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      U.S. Troops Occupying Honduras, Two Years After Coup

      Six hundred US army troops have invaded Honduras in an escalation of the 2009 intervention, in which the State Department stood by during a military coup against Honduras’ elected president, Manuel Zelaya. In all likelihood, President Zelaya would have prohibited the deployment of hundreds of US troops as described in a New York Times story today.

      Since the 2009 coup, Honduras has been the scene of persistent popular resistance movements and diplomatic censure by all Latin American countries. The new encroachment by 600 American regular-army troops will be challenged as direct foreign military intervention, deepening the dependency of Honduras on the Pentagon. 

      The US army forces are deployed “under orders to maintain a discreet footprint” at least at three bases in the interior and on the Honduran coast. Barred from combat except in “self-defense,” the Army forces are augmenting Drug Enforcement Agency operatives and Honduran special forces units.

      The official US mission has expanded from counter-narcotics to “the potential nexus between transnational organized criminals and terrorists who would do harm to our country,” according to Col. Ross Brown commander of the Joint Task Force Bravo force. (New York Times, May 6, 2012) The allegation that Al Qaeda and other terrorists are “potentially” exploiting narco-routes into the United States has been made in Foreign Affairs magazine and other national security journals.

      Hondurans, one of the poorest countries in the Americas, was exploited as a US base of regional military operations during the Central American wars of two decades ago. In the aftermath of the Iran-Contra scandal, Congress passed the Leahy amendment, which prohibits military assistance to any foreign military units engaged in human rights violations. The US embassy in Honduras must certify that there are no violations. Congress has never once attempted to enforce the Leahy amendment in Iraq or Afghanistan.

      At the recent Summit of the Americas, US drug policy was questioned by virtually every Central American president, bringing the future of the US-created conference into question.

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      Reader Comments (1)

      But Tom, perhaps it is true and relevant that the soldiers are there to support the interdiction of drugs and smashing drug gangs, and maybe there is something to al qaida joining forces with them in order to infiltrate the US and expand its influence among the terribly violent Mexican and Central American drug gangsters. As for not enforcing the Leahy Law, we deal with military all over the world, from China to Africa, from India to Russia, whose militaries are engaged in serious and punishable human rights violations. Why single out Honduras? Our relationship with Honduras since the beginning during the William Walker wars has been squalid and punishable under present laws; but there is nothing that can be done about the past, except to do better now. Overthrowing Zelaya was a mistake ; but whether that is reason to thwart this military intervention is debatable. All of Latin America and our country has been devastated by the increasing power of drug gangs, and the increase of weaponry and violence in the region is staggering. More than half of Latin America's population is under the age of 15, without prospects for education, property ownership, nutrition, public services, or jobs. They are tender meat for drug cartels, and as in Africa, we can see the forcible recruitment of the youth into violent private armies of young people whose conscience was stifled early and perhaps permanently. I believe that every US intervention in Latin America has been shameful and wrong; but that does not mean that this one has to be. I don't believe that we can overthrow the basic institutions of government including the military, or that it would be a good thing to do so. I believe that most of these institutions which have caused so much harm in the past can be used to do the right thing under the right leadership, and that they can be a force for good as well as for evil. I want these drug wars stopped, and if that means killing people who are killing people, so be it. It also means stopping the use of harmful drugs--hard drugs--in the US. Is the Left prepared to deal with this issue? It cannot be done by "education" alone. There has to be law enforcement, or there is no law, and without law there is no civilization.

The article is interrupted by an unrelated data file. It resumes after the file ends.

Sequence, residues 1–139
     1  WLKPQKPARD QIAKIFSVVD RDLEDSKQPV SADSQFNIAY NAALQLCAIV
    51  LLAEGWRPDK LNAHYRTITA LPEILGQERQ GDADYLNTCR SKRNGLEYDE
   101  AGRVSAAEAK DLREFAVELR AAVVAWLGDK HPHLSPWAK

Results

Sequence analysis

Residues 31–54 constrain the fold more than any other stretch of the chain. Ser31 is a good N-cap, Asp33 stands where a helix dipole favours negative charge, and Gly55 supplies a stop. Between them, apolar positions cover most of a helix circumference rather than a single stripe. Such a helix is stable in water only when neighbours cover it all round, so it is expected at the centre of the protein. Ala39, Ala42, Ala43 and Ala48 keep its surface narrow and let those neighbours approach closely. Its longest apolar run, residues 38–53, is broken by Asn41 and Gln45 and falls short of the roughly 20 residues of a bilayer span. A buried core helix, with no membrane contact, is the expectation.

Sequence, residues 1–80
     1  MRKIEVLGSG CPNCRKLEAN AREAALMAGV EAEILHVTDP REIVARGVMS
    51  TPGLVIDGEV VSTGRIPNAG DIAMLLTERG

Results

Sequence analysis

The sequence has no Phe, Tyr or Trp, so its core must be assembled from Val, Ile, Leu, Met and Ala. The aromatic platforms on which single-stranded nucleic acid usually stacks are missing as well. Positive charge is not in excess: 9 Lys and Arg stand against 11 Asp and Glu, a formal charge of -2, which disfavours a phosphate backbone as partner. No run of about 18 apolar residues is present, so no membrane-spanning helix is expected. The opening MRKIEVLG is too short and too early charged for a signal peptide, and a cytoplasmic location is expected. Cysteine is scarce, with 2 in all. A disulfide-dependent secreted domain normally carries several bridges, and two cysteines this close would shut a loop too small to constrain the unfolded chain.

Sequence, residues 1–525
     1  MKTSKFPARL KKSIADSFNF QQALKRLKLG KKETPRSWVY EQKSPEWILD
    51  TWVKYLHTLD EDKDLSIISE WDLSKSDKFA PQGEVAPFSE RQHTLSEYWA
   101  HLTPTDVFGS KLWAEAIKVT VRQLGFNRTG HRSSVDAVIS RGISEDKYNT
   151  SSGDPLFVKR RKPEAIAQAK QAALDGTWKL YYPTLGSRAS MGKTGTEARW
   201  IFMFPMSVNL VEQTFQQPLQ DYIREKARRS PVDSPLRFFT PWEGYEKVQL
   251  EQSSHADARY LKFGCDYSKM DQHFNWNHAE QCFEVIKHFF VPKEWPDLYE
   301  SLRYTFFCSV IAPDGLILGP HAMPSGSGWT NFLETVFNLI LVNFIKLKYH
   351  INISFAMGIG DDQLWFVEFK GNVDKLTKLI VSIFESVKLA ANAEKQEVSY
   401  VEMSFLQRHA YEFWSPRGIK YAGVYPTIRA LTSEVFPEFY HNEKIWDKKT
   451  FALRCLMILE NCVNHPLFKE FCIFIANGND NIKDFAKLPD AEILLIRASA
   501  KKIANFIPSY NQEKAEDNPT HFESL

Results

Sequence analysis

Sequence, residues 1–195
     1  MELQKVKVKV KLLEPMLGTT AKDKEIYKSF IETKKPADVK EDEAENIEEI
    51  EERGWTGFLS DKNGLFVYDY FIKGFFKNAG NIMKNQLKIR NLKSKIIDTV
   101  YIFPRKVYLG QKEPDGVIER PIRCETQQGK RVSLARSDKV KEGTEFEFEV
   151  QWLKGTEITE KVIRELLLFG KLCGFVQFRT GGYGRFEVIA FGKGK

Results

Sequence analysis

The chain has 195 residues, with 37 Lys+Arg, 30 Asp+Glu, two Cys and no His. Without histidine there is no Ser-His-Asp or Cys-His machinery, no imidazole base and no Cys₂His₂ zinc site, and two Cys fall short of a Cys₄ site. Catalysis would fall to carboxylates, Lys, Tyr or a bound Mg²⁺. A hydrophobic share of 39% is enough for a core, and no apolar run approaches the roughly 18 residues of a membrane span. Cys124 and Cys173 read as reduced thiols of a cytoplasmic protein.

May 6, 2012 | Unregistered CommenterMike Havenar
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